Integrating a Medical Oncologist Into Urology Practices

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The CHAARTED trial studied the combination of androgen deprivation therapy (ADT) plus docetaxel therapy versus ADT alone in 790 patients diagnosed with hormone-sensitive metastatic prostate cancer. The combination resulted in a median overall survival of 57.6 months compared with 44 months in the ADT—alone arm (P = .0003).

Based on these and similar results, many urology practices are providing or considering providing intravenous chemotherapy therapy on-site for their cancer patients. In order to accomplish this, many urology practices will need to have a medical oncologist available on-site a few times a month to provide chemotherapy administration services, Gary M. Kirsh, MD, suggests. A number of urology groups around the country are incorporating medical oncology services.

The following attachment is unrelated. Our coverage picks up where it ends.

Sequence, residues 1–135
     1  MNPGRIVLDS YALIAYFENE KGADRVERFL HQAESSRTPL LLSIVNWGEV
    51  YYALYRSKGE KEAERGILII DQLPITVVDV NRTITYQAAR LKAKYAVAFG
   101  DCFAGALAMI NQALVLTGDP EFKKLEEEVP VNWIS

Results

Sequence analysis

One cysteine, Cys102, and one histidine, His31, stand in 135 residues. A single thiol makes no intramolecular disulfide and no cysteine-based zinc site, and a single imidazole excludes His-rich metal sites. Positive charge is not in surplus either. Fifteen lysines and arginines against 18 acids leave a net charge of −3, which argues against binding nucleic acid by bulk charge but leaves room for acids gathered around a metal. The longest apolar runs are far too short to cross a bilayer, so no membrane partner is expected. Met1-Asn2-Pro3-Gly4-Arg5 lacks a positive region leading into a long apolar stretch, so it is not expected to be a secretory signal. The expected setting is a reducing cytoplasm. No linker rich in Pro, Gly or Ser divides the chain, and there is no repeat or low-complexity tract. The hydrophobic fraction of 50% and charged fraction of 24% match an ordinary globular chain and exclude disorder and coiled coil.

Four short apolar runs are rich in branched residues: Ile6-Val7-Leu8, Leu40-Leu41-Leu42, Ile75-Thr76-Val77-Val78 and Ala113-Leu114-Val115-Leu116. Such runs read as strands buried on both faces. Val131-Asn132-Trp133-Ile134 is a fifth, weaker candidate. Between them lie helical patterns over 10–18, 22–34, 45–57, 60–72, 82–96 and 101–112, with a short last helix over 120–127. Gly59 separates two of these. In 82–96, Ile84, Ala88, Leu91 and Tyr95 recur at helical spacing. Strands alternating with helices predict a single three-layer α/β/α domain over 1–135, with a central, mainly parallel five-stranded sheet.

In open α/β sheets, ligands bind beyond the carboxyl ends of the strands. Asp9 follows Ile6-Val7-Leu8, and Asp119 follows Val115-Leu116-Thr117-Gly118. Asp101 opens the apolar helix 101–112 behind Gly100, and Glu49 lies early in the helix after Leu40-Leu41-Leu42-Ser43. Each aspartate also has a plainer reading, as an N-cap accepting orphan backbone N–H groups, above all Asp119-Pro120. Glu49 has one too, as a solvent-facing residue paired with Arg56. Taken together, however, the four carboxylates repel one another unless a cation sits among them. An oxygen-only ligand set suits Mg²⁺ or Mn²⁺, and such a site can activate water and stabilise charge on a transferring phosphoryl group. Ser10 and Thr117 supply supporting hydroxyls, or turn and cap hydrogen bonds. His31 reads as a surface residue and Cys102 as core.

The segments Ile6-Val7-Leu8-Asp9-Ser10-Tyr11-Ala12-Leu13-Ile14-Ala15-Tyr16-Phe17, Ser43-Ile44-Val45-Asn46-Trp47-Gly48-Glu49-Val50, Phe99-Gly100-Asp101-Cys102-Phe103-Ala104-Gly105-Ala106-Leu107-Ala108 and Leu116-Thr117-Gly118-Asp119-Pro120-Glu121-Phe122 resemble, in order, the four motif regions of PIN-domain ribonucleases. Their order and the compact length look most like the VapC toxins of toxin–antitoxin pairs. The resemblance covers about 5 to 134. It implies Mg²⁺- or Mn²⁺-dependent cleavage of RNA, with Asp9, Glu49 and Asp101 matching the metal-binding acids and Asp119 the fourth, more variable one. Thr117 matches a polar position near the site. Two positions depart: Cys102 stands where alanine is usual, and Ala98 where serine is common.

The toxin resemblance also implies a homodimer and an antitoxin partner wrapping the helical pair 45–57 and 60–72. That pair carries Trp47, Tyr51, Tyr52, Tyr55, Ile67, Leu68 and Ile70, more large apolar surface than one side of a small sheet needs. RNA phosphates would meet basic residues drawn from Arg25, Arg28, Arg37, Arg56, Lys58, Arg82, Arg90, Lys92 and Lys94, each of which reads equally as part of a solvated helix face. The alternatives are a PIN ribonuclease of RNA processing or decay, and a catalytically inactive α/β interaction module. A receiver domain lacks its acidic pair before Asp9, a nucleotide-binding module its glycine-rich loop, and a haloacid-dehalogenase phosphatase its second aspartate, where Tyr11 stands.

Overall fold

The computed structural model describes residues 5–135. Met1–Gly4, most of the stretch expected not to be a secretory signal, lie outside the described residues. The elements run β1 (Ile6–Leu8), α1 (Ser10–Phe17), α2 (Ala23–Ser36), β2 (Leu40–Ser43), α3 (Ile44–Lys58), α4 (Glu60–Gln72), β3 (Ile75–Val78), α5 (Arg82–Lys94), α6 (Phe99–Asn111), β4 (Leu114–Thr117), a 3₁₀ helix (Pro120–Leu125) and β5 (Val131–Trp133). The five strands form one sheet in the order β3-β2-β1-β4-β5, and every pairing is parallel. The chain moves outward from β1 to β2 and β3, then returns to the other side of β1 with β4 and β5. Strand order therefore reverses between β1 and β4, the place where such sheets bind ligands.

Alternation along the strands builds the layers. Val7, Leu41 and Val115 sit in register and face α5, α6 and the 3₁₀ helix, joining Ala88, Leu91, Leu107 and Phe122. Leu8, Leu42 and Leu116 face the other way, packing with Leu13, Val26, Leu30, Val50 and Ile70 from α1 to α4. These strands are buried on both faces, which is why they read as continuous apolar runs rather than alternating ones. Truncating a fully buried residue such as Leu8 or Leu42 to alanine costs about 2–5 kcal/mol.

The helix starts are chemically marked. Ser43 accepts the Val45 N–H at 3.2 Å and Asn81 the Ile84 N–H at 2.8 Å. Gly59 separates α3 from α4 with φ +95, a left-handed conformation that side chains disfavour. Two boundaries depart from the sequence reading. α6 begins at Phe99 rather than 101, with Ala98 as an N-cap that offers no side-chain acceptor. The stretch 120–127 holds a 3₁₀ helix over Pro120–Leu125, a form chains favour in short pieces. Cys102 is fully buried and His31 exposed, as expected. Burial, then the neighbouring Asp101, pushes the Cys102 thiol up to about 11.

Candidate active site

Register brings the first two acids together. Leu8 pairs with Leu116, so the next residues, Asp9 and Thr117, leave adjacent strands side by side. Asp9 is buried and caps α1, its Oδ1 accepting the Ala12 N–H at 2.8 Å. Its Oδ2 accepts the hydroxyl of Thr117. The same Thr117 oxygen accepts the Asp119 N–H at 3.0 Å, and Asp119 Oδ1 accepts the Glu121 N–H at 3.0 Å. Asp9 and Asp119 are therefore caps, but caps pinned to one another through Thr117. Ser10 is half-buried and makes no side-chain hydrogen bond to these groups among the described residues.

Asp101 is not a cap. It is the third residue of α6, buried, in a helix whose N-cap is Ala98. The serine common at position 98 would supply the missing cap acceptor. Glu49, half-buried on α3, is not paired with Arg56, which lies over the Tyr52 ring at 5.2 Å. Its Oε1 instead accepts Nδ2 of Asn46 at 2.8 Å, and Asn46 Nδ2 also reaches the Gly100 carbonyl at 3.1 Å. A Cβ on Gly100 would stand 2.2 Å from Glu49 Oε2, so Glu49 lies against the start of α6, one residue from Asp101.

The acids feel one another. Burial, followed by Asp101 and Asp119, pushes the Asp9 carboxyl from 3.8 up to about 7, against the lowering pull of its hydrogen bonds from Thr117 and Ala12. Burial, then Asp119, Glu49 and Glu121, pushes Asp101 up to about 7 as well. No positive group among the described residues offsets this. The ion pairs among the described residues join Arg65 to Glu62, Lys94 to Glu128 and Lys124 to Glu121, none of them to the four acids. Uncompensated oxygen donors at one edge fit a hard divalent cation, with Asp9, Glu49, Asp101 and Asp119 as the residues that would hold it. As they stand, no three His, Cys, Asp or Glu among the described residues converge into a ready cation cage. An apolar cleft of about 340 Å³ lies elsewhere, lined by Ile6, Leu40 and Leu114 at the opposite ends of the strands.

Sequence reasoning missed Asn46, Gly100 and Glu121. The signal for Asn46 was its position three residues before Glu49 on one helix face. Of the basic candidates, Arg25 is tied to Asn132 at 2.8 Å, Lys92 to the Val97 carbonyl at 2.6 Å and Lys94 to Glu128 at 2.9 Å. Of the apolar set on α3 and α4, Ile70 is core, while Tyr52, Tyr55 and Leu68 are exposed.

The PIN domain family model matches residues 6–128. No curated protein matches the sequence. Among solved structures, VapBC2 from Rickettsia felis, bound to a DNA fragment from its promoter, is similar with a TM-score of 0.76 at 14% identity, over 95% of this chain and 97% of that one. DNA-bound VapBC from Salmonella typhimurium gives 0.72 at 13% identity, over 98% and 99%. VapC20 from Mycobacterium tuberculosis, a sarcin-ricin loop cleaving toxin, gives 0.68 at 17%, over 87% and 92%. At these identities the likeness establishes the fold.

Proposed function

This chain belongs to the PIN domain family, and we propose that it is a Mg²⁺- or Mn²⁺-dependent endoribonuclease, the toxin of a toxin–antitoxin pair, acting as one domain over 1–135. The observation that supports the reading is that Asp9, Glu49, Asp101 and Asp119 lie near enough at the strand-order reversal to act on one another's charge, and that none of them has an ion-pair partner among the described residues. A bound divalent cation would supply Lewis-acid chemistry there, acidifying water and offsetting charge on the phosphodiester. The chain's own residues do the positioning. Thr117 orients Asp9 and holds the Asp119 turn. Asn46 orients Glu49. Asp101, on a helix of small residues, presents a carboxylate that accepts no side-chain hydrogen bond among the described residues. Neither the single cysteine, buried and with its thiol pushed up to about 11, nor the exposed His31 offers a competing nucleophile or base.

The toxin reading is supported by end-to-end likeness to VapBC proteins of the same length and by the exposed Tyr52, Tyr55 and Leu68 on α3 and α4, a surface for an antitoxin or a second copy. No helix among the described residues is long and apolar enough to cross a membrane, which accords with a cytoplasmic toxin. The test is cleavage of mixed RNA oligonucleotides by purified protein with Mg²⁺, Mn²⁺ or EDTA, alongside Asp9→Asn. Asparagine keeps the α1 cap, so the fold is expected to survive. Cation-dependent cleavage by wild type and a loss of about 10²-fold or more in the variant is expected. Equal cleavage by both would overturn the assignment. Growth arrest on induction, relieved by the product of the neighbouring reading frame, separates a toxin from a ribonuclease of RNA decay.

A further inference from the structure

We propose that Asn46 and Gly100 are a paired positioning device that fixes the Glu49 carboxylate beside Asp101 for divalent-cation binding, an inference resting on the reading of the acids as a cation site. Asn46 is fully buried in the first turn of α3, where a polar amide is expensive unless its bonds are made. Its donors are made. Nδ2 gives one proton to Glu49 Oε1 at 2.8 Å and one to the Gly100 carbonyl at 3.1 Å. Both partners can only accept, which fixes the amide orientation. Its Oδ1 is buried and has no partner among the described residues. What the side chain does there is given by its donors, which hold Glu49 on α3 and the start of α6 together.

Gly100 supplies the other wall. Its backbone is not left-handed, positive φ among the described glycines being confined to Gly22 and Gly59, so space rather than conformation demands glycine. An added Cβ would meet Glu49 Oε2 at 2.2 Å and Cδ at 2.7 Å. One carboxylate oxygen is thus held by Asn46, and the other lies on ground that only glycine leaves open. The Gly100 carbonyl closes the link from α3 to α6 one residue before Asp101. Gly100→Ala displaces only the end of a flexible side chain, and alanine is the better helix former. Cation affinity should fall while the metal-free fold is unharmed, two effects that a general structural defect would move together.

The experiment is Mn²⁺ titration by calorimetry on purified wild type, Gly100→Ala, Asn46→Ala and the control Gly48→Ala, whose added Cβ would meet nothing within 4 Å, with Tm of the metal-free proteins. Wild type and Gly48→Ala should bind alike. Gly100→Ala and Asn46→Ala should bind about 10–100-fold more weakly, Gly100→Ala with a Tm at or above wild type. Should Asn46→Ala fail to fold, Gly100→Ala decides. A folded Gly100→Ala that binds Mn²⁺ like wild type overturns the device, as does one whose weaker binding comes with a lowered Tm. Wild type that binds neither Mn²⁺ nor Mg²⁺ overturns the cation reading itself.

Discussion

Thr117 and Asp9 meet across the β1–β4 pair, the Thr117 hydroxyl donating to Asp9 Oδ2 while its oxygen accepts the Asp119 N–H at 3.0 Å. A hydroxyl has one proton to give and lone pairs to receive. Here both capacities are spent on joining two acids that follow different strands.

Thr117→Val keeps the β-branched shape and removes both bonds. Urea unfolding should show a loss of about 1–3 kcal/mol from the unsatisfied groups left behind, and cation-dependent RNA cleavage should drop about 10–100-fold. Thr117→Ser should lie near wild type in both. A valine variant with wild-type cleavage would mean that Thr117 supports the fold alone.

It could be challenging to fully engage a medical oncologist in a urology practice, Sanford J. Siegel, MD, notes. However, having a medical oncologist on-site is in line with the integrated care model, and aids in further educating cancer patients about their options.

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